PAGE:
THREE-AND-A-HALF years ago Andy Buist was told he would never play professional rugby again - last weekend he lined up for Tynedale.

The former Newcastle Falcons loose forward was forced into premature retirement in March 2010 aged 25, following a series of three knee operations in 18 months.

If fate had played a more favorable hand however, he could have been lining up for the Lions this summer - at the Falcons, Buist was ahead of Geoff Parling in the pecking order.

A high-profile switch to London Irish also beckoned before he was forced into retirement and turned his attentions to a coaching career but, determined to defy medical advice, Buist has made a shock return in National League One.

Buist is well aware the damage to his articular bone cartilage is no less severe than the day he retired, but the feeling of running out onto the pitch is ample reward for the considerable downside.

"Even this time last year I didn't think I could do it," he said. "The damage isn't better - it hasn't improved. It can't heal but my body has been able to manage it better.

"It is a different kind of start to the season than I have had probably ever - it is exciting for different reasons.

"It was about four-and-a-half or five years since I had played a game of rugby and it was a bit of a shock to the system.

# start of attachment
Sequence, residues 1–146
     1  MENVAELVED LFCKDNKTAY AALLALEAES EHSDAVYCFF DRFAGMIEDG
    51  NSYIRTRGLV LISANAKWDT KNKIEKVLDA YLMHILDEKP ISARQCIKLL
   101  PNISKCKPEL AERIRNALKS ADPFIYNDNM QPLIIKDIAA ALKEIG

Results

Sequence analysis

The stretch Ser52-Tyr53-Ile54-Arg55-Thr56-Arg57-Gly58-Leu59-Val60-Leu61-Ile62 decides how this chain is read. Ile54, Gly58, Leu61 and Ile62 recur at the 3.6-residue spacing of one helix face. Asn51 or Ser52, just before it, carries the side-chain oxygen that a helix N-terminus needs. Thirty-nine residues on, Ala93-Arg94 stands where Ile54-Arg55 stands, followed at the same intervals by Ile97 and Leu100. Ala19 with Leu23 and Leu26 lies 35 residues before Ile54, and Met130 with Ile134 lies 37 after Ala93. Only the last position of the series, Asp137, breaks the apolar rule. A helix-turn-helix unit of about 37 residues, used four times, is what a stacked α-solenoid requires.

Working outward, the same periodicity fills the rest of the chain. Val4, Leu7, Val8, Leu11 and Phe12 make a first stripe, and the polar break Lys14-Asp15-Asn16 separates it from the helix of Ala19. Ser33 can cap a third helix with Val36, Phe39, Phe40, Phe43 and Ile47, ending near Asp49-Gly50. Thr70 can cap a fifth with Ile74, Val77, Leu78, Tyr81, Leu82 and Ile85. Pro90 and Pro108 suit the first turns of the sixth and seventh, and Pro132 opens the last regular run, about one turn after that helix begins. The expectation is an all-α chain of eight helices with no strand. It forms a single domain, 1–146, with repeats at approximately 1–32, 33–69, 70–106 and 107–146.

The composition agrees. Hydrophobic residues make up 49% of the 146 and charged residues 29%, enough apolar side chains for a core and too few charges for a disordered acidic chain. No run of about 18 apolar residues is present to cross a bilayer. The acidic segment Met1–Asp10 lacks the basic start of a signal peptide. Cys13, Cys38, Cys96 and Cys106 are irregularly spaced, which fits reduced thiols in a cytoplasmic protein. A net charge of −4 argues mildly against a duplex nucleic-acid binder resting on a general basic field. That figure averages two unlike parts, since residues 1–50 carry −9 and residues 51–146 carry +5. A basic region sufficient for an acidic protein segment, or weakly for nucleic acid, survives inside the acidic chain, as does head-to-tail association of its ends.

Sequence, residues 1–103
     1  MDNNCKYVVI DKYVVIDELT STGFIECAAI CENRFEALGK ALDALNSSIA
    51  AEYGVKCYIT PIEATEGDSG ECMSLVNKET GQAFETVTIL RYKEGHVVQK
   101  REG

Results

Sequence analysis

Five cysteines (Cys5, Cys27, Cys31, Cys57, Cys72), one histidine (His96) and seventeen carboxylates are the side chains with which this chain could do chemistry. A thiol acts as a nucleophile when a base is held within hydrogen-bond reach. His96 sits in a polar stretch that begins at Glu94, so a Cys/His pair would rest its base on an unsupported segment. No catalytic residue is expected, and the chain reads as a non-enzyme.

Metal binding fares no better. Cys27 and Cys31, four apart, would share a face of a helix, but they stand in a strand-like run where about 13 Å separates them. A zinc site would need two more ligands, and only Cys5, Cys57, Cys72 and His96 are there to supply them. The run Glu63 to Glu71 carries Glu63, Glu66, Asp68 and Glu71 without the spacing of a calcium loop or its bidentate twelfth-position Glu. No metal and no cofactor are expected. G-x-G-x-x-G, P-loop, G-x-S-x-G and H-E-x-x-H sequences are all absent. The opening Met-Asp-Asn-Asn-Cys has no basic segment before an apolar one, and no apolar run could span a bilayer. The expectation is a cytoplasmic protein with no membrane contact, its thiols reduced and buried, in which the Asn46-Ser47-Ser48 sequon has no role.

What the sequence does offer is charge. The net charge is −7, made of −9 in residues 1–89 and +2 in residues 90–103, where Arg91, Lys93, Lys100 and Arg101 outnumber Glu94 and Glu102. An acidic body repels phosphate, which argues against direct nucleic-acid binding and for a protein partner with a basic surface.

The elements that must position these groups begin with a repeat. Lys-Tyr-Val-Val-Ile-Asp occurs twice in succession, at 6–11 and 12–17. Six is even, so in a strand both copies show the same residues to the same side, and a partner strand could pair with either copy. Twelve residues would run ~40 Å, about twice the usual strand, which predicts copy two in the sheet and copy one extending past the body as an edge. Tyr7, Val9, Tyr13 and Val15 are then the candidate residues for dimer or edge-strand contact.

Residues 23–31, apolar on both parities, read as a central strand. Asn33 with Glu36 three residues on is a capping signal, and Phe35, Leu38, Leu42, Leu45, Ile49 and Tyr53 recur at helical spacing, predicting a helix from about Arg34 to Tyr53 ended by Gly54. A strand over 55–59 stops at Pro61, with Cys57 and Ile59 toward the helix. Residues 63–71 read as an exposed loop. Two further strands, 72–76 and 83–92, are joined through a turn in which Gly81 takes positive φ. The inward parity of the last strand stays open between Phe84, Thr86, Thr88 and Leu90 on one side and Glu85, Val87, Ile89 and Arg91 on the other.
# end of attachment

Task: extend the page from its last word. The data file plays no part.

"I started getting less reaction in the knee and it got to the point where I could manage it. I guess that stupid rugby player inside me said 'if you can do this, then why not?'

"The one thing I have got is the advantage of being able to control what I can do. There have been no issues with the knee - because the level is a little bit lower than it was before, I can step back and manage my body.

"As well as actually playing, one of the things I missed most was being constantly tired.

"It is completely different when you are training with a group and you have coaches who are pushing you beyond your comfort zone.

"I do feel that I am getting there and improving. I am very much just focusing on what I can do and making sure I am not letting everyone down."

Buist's decision to link up with Tynedale was partly geographical - he lives in the North East - and a result of his close ties with Newcastle Falcons.

He is passionate about furthering the progress of rugby in the region - helped by Newcastle's return to the Premiership - and about Tynedale's chances this season.

"It is just fantastic having that top-level rugby back in the area," he added. "I think it will really boost attendances and crowds and the North East is going to play a part in the World Cup, with St James' Park being a venue. It is a good time to be involved in rugby in the North East.

"On a community level we are trying to get all the local clubs involved and we are expecting a big influx after the World Cup.

"It is a good community club and I already knew a few of the lads there. I can enjoy the rugby for what rugby is all about. A bit of craic and banter and a few beers after the game - that is what I wanted.

"What Tynedale do very well is playing a fast, expansive game. I am excited and I think we have a very strong team."

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